I bought a microphone, plugged it in and I have an irritating few tenth of a second delay. Really annying becuse Its basically impossible to talk when you're hearing your ownvoice, withthis delay. I guess it would be similarly irritating if I would chat with someone else. Where should I look for the problem? (I have a xonar D1 with UNi Xonar drivers, if its any relevance)


As you are no doubt aware, your problem is latency.

There is software that analyzes the latency in audio interfaces. I don't know any names, but its out there and free. Google is your friend, but I bet someone reading this thread in the next day or two has a recommendation based on personal experience.

I suspect that you could measure the latency of the overall system by setting up a feedback loop and priming it with an acoustic click, and then analyzing the recording.

Other than the thrill of hearing yourself sound cool, there's really no reason to listen to your voice while you are recording. Bone conduction, room reverb, and all that. You are able to talk and sign without a monitor speaker going on in the background, right?

The reason vocalists use monitor speakers for live sound and recording is to hear the instrumental mix, and because the sound field from other sources may be so loud they have a problem hearing themselves. Neither should apply to you.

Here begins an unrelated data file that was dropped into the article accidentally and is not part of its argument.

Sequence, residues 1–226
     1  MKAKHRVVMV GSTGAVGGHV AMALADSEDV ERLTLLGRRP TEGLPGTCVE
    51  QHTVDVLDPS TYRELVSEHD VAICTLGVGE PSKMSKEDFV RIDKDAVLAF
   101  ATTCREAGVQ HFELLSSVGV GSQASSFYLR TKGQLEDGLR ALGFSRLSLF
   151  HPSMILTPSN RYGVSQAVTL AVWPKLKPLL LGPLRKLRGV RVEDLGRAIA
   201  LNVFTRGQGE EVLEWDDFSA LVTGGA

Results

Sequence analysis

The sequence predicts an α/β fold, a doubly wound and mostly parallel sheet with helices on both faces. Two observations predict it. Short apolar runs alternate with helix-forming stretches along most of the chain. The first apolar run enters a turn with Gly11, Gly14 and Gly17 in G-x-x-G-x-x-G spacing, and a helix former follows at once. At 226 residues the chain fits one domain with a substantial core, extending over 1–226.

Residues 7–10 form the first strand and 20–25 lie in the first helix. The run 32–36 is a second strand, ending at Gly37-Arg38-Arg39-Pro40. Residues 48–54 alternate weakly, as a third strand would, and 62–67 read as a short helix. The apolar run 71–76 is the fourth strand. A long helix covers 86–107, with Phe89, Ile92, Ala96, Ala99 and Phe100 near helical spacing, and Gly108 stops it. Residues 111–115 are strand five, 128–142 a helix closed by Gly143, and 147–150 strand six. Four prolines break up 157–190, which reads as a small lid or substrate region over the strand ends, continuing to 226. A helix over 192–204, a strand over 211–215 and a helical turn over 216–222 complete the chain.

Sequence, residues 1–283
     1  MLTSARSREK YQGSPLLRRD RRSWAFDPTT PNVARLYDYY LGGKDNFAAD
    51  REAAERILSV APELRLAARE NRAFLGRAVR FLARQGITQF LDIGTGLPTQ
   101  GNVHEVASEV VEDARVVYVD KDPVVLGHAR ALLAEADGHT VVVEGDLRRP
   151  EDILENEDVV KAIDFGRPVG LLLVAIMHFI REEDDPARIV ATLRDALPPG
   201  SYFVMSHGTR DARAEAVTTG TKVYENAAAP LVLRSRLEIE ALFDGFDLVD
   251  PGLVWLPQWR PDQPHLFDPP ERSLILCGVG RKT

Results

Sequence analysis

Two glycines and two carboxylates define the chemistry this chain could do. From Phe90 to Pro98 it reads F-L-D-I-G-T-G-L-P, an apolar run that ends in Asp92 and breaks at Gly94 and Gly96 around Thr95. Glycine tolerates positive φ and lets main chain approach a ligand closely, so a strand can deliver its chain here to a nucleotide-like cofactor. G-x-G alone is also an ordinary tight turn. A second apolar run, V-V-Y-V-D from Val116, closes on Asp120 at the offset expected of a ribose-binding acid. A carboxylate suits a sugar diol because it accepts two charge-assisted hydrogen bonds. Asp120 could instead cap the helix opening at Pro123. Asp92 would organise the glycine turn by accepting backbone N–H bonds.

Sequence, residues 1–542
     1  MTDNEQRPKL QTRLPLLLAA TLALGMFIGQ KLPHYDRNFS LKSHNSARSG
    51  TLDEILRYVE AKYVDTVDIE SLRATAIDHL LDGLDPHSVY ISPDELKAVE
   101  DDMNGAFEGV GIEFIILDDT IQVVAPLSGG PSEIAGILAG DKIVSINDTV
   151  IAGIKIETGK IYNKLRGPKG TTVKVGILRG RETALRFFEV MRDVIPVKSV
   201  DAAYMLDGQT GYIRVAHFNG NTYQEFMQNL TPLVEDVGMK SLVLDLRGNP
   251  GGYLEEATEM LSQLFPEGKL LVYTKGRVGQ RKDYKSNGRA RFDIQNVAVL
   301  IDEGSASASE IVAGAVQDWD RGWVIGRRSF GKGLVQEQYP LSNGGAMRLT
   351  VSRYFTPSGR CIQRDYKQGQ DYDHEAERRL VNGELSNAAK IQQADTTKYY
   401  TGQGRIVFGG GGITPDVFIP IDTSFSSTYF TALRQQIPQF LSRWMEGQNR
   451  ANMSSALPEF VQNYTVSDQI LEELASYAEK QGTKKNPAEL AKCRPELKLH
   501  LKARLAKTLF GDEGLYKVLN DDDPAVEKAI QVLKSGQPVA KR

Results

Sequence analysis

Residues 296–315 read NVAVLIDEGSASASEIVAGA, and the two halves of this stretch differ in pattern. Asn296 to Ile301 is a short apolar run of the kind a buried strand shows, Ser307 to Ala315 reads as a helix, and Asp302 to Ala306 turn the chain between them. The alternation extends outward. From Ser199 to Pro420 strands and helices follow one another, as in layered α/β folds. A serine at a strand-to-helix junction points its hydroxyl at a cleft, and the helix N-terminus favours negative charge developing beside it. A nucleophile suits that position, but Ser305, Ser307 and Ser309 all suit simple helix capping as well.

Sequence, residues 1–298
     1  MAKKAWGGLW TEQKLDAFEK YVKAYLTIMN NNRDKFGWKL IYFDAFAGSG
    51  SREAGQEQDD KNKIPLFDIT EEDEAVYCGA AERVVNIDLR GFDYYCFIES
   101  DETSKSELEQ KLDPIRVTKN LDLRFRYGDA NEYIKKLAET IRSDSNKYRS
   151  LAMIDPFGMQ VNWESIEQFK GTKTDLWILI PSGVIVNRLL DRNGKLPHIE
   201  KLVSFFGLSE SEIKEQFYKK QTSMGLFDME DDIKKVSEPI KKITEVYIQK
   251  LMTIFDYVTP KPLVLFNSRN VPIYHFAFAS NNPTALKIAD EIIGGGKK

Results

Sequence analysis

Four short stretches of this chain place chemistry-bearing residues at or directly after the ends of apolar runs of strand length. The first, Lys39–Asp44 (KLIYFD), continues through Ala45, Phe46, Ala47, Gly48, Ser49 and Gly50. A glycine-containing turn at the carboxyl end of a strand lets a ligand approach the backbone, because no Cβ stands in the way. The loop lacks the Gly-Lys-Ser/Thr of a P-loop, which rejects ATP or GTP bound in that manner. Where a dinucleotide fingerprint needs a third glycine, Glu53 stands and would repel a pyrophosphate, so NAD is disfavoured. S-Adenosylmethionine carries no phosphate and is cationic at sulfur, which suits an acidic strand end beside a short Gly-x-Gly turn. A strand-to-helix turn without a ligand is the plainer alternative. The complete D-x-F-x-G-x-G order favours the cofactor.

Its usefull to hear your own voice if you voice-chat. Also delays like these are unwanted even if only the chat partner hears it.

Latency for sure. I'm just out of ideas why....


If there are device driver buffer parameters that you can decrease and maintain reliable operation, then adjust that.

Other than that, the latency came with the hardware you bought - no extra charge! ;-)
Go to the top of the page
+Quote Post
Roseval
post Apr 21 2012, 18:28
Post #10





Group: Members
Posts: 476
Joined: 26-March 08
Member No.: 52303



Try
http://www.thesycon.com/deu/latency_check.shtml
http://www.resplendence.com/latencymon


--------------------
TheWellTemperedComputer.com
Go to the top of the page
+Quote Post
andy o
post Apr 22 2012, 20:09
Post #11





Group: Members
Posts: 1310
Joined: 14-April 09
Member No.: 68950



I think this latency is not related to audio hardware, he's chatting, presumably over the internet (?).
Go to the top of the page
+Quote Post